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Thursday, March 20, 2014

You Gotta Know When to Hold 'Em: Marketing & Advertising for the Indie Author, Part Two


By: Heather Day Gilbert

Last month, we looked at social media and personal ways to reach readers. This month, we're focusing more on paid advertisements and no-cost ways to get the word out on your novel.

As we did last time, I'll link to the contributing authors and their sites/books. Hopefully these posts will help as you make decisions on when to spend your bills...and when to "hold 'em." This series is by no means exhaustive, so if you've tried alternate ways of marketing/advertising, please comment below!

The consensus seemed to be to do as much or as little as you can afford.

Bookbub was consistently mentioned as being worth the advertising cost, but you have to make sure your book is at a competitively low price (say, 99 cents; or even better, FREE, which can seriously bump sales/reviews afterward), and you've categorized it in the right genre. ENT (E-reader News Today) is another site like this. Just know that these sites generally require a minimum number of Amazon reviews and are more selective about what they will pick up.

—Authors also said that although you might not get fast returns from paid ads, the result of consistent exposure to a book ad might pay off later. I have mixed feelings on Facebook ads, since in the interests of experimentation, I paid $30 to boost a Facebook post advertising a radio show I did with blogtalkradio. I was able to target it to the US, Iceland, and Norway (Viking haunts). I will say I might've gotten a couple new followers and a couple book sales, but I don't think I boosted the right post. It's probably better to boost one when your book is on sale for 99 cents or free. If you've done a paid Facebook ad, please comment below with YOUR results and suggestions.

This idea brought mixed responses; namely, that judges are quite subjective and feedback can run all over the board. If you're only looking for exposure and not feedback, I'd recommend free online contests, such as reader's choice awards or e-cover art awards. With these contests, you gain some exposure but don't have to pay to enter. As an indie, I have to ask myself why I am entering award contests, when my readers really don't care if I have awards in my bio or not. For me, it's not worth it to pay to enter contests at this point.

However, as of March 6, ACFW has announced that indies can be eligible for Fiction Finder and the Carol Awards (in 2015). Although there will be minimum requirements to meet, I feel this is a huge step forward for Christian authors as a group. I hope more contests open doors to self-published novels and novels produced by smaller houses. I think this will bring a wealth of previously undiscovered gems onto readers' radar. I could definitely see the benefits of entering a contest like that.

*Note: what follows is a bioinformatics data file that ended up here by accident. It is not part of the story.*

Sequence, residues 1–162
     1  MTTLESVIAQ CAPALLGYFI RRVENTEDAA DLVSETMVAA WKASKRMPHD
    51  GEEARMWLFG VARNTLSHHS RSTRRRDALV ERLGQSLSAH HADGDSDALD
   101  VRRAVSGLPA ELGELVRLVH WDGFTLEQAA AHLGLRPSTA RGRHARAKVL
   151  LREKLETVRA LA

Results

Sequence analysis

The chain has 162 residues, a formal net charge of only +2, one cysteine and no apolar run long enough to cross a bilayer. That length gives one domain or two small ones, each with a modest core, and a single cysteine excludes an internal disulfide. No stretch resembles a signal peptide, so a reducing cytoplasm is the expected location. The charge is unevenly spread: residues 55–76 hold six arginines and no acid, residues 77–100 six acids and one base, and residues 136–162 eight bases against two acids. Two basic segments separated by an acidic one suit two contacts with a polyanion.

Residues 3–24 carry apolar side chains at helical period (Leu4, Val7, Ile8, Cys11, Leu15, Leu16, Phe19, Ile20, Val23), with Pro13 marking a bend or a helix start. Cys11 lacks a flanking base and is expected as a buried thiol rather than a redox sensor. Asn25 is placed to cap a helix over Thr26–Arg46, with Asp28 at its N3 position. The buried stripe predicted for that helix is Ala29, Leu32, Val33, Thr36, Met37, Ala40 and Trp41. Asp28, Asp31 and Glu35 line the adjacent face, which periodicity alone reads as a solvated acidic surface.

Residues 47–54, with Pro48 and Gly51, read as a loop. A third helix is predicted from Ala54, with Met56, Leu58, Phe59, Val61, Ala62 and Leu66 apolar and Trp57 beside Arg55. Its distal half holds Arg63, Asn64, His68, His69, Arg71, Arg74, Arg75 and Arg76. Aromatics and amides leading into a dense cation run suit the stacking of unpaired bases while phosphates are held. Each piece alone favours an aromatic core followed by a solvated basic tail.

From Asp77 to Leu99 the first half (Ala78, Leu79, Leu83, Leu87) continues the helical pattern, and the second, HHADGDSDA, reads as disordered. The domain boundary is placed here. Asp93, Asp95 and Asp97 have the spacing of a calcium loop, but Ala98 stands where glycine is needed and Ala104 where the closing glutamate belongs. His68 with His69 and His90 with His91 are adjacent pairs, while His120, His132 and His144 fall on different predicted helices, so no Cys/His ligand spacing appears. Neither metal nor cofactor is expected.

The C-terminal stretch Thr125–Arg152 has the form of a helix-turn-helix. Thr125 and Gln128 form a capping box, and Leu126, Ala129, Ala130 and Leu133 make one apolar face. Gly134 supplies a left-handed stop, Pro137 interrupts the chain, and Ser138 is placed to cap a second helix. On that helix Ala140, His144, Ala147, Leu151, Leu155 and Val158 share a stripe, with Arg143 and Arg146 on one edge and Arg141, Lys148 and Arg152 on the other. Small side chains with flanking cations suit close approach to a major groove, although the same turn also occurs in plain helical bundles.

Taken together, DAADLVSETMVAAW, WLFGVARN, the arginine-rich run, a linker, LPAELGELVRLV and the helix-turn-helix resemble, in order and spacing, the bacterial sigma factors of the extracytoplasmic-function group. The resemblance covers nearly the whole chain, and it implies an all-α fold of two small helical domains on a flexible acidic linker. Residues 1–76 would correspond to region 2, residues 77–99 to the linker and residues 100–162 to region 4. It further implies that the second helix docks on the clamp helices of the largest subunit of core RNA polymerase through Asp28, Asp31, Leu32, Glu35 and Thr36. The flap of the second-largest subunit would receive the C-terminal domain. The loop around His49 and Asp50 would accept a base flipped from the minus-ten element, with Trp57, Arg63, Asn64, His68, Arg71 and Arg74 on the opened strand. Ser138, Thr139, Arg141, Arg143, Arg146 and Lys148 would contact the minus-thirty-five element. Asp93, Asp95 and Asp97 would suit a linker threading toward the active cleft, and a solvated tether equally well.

I think the key with contests is entering ones you know will reach your demographic/readership. For example, enter mysteries in a mystery contest, Christian fiction in a Christian contest, etc.

Sites such as The Fussy Librarian and eBooksoda deliver book recommendations to readers directly via email. Both are just getting off the ground, but I've already gotten feedback that one reader found my book through eBooksoda. They are choosy about genres they accept, but it's worth checking into.

Radio interviews and vlogs are another great way to gain exposure and connect with your readers. It's easy to set up a YouTube channel, so your vlogs can be centralized in one place.

I quickly learned that only certain book review sites will accept indie novels. Most larger sites work directly with publishers. But if you poke around the internet and watch who's reviewing authors in your genre, you can find individuals or sometimes larger groups willing to exchange a review for a free book. There are a couple Facebook review sites for Christian authors to connect with reviewers: Crossreads Reviewers and the recently established Christian Fiction Reviewers. An excellent post I recently discovered on all the ins and outs of finding reviewers was here at The E-Book Author's Corner 

There are also author co-ops that utilize NetGalley. I paid an author friend to use her slot for the month of February. I would just give the caveat that if you go with a co-op, make sure your genre matches what your group usually distributes to readers. I didn't garner large numbers of reviews, but I learned that one library might purchase it, so that was a win for me. I'll probably try this route again.

I have mixed feelings on authors doing freebies. I know it can generate early release buzz, but then again, you run into readers who aren't in your target audience and might give lower than average reviews. I'd love your thoughts below on freebies (as a reader OR an author). I have found some favorite authors via free Kindle downloads, but that generated no income for said authors. However, it did generate a loyal influencer who will spread the word and buy all the author's future books. Therefore, I am planning to do this at some point, if I choose to go with Kindle Select.

Nowadays, you don't have to look far to find the latest book giveaway, often complete with a free Kindle/ipad/mp3/Amazon gift card. I wonder about the effectiveness of these costly prizes. Yes, they draw a lot of attention and plenty of entries. But do they pay off in the end? 

Staci Stallings, co-founder of CrossReads, shares that CrossReads offers a $50 Amazon gift card with their Book Blasts twice a month, which links readers back to author sites and social media outlets, resulting in solid increases in an author's audience. However, an uptick in sales on featured books tends to correlate closely to the book's price point, with 99-cent and free books getting the most boost.